Senior-to-be Beau Hossler comes of age
SAN FRANCISCO -- Ah, the summer before senior year.
Time to make some college visits with the parents, prep for that last run at the SAT, hang out with friends for one final extended break before everybody scatters after graduation.
Or, you could go Beau Hossler's route and become a national figure in the sports world.
"I'm not taking the SAT again, that's for sure," Hossler said Sunday evening after finishing his final round of the U.S. Open with a 76 (6-over par) that left him at 9-over for the tournament. Webb Simpson came from behind to win the tournament with a score of 1-over to capture his first major.
A frustrating double-bogey on No. 18, moments after he received a hearty ovation from the gallery, ended what still has to be considered a turning-point weekend for Hossler, the 17-year-old from Santa Margarita High School in Orange County, Calif.
No, Hossler didn't make any history Sunday at The Olympic Club. His chance to contend (he came into the day tied for eighth) evaporated on a tough back-nine in which he admitted that he couldn't "stop the bleeding" by shooting 4-over-par.
He failed to finish as the low amateur in the tournament, ceding that honor to Jordan Speith.
By finishing out of the top 10, he missed the chance to punch his ticket to next year's U.S. Open, not to mention next year's Masters (the top eight plus ties at the U.S. Open receive a Masters invitation). He missed the chance to become the first amateur since 1971 to finish in the top 10.
But he gained a legion of admirers who have to see that despite an uneven performance on Sunday, this kid is going places beyond senior year.
"I had no idea how to play golf at his age," said Hossler's Sunday playing partner, Jason Dufner. "I know he wishes he would have probably finished a little bit better, but any time you're in the top 30 of a U.S. Open at 17 years old, you got to have a lot going for you."
Endearing because of his braces, his boyish gait and a steely game beyond his years, Hossler became a gallery favorite at Olympic and an up-and-comer this weekend.
Standing ovations in the grandstands book-ended his round at the start and the finish.
As Hossler made his way across the footbridge leading to the first tee Sunday, sporting a University of Texas shirt and visor, a group in the crowd started chanting "Let's Go Hossler!" accompanied by some rhythmic clapping, and another spectator grabbed his friend and pulled him over to the rope, saying, "We've got to watch this kid."
One fan yelled "You can win this" as he walked past after his tee shot and then the 17-year-old still lugging his high school golf bag around the course at Olympic played the first couple of holes like he agreed.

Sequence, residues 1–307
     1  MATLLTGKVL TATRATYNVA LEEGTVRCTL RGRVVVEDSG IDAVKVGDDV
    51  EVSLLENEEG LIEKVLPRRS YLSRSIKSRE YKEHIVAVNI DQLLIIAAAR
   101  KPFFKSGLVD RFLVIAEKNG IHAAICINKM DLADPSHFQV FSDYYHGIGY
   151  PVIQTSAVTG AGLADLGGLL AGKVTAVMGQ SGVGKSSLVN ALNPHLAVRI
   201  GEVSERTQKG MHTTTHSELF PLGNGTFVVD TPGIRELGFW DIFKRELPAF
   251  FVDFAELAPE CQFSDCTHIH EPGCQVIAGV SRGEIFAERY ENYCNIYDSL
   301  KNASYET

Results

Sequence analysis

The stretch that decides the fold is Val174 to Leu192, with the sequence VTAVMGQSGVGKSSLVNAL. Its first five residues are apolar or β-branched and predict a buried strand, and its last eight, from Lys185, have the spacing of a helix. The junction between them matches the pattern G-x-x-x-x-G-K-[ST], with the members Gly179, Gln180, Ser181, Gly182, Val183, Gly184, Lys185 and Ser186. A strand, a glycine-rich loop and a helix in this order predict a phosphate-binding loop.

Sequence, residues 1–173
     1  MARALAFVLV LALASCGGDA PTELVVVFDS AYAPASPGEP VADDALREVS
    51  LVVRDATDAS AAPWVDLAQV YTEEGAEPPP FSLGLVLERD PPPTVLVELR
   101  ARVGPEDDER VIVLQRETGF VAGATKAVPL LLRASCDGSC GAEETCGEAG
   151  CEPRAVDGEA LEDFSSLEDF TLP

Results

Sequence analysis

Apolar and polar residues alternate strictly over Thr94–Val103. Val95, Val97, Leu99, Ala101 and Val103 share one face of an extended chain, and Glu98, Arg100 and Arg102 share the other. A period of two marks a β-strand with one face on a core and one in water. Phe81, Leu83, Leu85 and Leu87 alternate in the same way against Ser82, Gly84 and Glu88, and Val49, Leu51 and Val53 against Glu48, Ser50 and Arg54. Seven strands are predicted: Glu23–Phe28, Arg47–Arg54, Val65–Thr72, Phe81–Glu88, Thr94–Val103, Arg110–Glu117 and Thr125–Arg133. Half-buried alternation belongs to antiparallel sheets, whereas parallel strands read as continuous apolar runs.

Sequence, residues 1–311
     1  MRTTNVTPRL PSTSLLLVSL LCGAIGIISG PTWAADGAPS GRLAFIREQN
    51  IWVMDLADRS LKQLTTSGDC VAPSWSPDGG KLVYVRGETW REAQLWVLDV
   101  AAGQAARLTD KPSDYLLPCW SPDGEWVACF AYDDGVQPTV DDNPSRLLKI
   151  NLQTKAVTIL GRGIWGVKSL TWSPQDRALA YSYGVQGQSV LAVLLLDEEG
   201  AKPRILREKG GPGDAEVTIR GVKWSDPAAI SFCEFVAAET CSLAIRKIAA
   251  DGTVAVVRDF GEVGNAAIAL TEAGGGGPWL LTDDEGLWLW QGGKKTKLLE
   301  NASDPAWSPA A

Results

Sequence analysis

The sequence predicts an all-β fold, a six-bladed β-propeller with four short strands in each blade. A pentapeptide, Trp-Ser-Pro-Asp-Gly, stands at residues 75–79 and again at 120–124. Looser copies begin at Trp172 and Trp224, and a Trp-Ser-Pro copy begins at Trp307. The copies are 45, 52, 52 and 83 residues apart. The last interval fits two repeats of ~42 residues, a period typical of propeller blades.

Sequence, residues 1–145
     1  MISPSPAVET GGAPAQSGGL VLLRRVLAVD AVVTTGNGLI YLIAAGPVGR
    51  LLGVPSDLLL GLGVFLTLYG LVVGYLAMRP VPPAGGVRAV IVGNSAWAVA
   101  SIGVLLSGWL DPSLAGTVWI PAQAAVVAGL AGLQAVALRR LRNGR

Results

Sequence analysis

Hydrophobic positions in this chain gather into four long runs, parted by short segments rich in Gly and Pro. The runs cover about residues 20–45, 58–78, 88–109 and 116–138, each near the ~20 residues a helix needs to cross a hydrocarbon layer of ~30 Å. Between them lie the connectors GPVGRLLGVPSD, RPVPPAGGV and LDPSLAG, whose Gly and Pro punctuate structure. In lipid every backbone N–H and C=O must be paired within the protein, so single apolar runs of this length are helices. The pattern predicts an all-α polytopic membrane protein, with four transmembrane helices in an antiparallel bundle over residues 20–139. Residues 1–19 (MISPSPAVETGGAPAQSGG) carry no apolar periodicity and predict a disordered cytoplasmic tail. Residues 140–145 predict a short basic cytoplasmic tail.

As the fog poured on to the golf course from the Pacific, he putted from the rough to make par at No. 1, held on to a par at No. 2. And then, after Saturday's round in which he countered every bogey in his round with a birdie, he stumbled more decisively with bogeys on Nos. 3-5.
Hossler recovered his balance to birdie Nos. 7 and 9 before losing his grip again, and this time there was no recovery.
"I really didn't make that many putts, but I felt pretty good, my speed felt all right, my stroke felt good," Hossler said. "I got those two key saves at the beginning. But I mean, when those are for par, you aren't going to make them all and you have to make sure that you are getting some birdie opportunities as well."
Hossler said he will most remember the back nine on Saturday, when he put himself high on the leaderboard.
"That was pretty special because you got roaring crowds and everything and really got the major championship feel," Hossler said.
Hossler was the first high-schooler since 1951 to qualify for consecutive U.S. Opens. At the end of a summer in which he will play more, albeit more low-key, amateur tournaments, he will return for his senior year of high school.
He is, in fact, a kid, as evidenced by the fact that he came to his post-round news conference not in his golf shoes, but a pair of beat-up Converse sneakers.
Hossler was asked whether competing at the Open was as nerve-wracking as, say, taking the test for his driver's license.
"That third driving test was brutal. I failed it twice," he said. "I got screwed on the first one, messed up on the second one because if you miss the third one, I want to say you can't do it for another like three or six months.
"I was kind of nervous for that. But, obviously, I was nervous out there on the course the entire time."